NEW YORK -- If Roger Clemens returns to the Yankees later this year, his old uniform will be waiting for him.
All-Star second baseman Robinson Cano has volunteered to give up his No. 22 for this season, according to a Yankees official, likely anticipating the possibility that Clemens will arrive in the Bronx to reclaim it at some point.
"I was happy to give up the number to a future Hall of Famer if he comes aboard," Cano said in Tuesday's edition of the New York Post. "Hopefully, he will be one of my teammates; I'll have the pleasure of playing with him."
Within the past week, Cano told clubhouse personnel that he would switch to uniform No. 24, a change that has been officially executed on the Yankees' roster.
With Spring Training less than three weeks away, uniforms are in the process of being tailored. The Yankees did not ask Cano to switch numbers, the official said.
At the 18th annual Baseball Assistance Team dinner in New York on Tuesday, Yankees catcher Jorge Posada shed some light on Cano's thought process.
"His dad's favorite player was Jackie Robinson, and he was named after Jackie Robinson," Posada said. "He wanted [No.] 42, but he couldn't have it, so he went with [No.] 24."
Clemens, 44, wore No. 22 for most of his five-year stay with the Yankees from 1999 to 2003, though he originally wore No. 12 -- a reversal of the uniform number he wore with the Boston Red Sox and Toronto Blue Jays. He made the switch from No. 21 because that number was issued to Paul O'Neill when Clemens joined the Yankees.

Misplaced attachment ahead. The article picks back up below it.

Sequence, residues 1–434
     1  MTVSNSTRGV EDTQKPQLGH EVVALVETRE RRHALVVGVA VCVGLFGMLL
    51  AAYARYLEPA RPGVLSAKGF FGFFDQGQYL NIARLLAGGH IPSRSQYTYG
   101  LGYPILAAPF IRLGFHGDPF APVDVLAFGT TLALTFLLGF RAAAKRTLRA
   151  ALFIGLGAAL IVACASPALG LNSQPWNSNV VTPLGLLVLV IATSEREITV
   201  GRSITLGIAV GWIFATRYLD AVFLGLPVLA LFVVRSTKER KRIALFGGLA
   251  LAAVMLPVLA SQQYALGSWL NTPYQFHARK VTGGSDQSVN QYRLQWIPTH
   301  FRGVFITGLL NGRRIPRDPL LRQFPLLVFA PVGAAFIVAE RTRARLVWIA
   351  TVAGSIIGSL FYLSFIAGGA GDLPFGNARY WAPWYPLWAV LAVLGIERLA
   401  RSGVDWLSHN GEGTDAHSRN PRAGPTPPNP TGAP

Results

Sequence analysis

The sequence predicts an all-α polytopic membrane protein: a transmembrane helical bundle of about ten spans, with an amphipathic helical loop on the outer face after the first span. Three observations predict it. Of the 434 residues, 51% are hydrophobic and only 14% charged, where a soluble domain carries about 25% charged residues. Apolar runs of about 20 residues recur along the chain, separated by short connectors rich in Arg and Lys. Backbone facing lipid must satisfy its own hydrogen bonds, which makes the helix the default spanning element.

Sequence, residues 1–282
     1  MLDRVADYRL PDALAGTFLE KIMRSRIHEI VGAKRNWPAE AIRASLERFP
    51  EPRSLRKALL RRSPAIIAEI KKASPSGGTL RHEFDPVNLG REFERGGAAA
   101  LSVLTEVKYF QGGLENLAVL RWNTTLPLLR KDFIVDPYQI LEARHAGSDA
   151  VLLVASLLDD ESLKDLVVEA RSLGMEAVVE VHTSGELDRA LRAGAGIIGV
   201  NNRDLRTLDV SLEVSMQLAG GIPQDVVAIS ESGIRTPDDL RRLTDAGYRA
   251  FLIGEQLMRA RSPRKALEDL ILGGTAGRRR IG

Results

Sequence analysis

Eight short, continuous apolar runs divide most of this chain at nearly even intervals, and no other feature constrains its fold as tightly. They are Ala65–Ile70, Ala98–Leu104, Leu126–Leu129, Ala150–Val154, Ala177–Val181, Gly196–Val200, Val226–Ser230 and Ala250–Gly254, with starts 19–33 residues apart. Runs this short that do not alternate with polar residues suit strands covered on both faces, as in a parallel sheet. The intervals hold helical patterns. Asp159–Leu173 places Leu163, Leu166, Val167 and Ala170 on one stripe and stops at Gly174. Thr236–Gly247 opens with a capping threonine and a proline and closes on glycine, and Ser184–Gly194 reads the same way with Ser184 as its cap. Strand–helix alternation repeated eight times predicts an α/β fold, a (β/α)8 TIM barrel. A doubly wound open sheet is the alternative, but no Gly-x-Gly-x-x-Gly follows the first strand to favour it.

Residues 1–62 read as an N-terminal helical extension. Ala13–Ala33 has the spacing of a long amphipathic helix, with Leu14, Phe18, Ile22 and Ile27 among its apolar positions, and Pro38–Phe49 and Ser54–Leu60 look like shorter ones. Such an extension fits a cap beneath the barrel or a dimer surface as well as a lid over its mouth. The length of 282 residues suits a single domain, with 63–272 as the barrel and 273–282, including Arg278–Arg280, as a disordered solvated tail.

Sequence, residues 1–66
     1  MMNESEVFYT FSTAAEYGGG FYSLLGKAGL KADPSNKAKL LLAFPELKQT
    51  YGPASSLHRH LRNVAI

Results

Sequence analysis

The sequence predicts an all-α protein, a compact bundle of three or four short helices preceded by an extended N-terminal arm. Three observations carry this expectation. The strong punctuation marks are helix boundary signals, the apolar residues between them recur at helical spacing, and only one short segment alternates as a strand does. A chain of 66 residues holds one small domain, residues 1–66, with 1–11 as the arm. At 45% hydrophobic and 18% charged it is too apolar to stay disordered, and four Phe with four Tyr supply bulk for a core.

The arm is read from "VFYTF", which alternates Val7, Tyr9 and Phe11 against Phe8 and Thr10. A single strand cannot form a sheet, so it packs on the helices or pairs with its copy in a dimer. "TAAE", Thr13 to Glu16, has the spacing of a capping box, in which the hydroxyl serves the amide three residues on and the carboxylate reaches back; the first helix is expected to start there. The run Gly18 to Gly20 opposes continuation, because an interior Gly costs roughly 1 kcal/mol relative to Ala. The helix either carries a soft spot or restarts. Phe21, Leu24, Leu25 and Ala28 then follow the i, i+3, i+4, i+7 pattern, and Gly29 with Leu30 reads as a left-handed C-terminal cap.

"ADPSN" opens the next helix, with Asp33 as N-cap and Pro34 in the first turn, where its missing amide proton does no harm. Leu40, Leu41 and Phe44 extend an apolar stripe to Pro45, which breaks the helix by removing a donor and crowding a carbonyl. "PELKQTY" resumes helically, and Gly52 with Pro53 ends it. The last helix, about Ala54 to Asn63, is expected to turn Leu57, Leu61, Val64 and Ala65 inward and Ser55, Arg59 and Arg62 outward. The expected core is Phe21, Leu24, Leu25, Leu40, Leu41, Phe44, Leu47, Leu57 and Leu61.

No. 21 has remained unassigned by the Yankees since O'Neill's retirement following the 2001 World Series.
But Clemens appears to hold a special affinity for No. 22, even negotiating his 2006 contract to contain a reference to the number -- had Clemens played a full season with the Houston Astros, his contract would have been worth a reported $22,000,022.
As it was, Clemens earned a pro-rated percentage of that salary after joining the club in late June, going 7-6 with a 2.30 ERA in 19 games for Houston.
The right-hander would not be expected to reach a decision regarding his playing future until at least after Spring Training. If Clemens plays, he is expected to choose among the Astros, Red Sox and Yankees.
Bryan Hoch is a reporter for MLB.com. This story was not subject to the approval of Major League Baseball or its clubs.